The entire Bulgarian Cabinet is resigning in the wake of huge riots partly sparked by high electricity prices.
Violence spread through the East European country after power price rises of 13% last year and more austerity measures linked to the Eurozone crisis.
Video footage shows crowds chanting, waving Bulgarian national flags and throwing flares when faced by anti-riot police on Tuesday, when police are reported as using tear gas to disperse protestors.
Yesterday Bulgaria’s Parliament accepted the resignation after the Prime Minister Boiko Borissov’s shock announcement in a speech on Wednesday.
Bulgarians are said to be unhappy with electricity prices hitting an average of €100 a month in January compared with an average monthly wage of €387, the FT reported.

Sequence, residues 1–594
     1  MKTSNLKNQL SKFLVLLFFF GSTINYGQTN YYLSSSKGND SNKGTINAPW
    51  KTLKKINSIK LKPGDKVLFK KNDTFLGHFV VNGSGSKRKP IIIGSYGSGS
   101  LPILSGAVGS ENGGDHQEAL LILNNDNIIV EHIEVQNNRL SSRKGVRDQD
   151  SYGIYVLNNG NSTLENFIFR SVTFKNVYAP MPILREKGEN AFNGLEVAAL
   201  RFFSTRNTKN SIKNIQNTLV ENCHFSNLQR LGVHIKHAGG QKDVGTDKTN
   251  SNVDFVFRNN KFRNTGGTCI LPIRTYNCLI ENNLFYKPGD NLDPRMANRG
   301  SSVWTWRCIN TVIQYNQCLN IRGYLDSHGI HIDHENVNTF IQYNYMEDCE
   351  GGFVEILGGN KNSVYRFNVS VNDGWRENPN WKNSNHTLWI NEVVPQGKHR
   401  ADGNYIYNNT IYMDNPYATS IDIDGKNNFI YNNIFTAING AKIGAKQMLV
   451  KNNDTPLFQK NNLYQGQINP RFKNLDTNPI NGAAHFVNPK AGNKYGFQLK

Bulgaria joined the EU in 2007 and has a population of at least 7.6million, according to the International Energy Agency’s 2009 figures.
The IEA states the country has been working on “ambitious energy reforms” since a key 2002 energy strategy, with three of its regional electricity distributors sold in 2004 to Austrian utility EVN, German supplier E.ON and Czech firm CEZ. Bulgarian provider Energy-Pro also controls part of the market. In the wake of the protests, there have been calls to renationalise CEZ.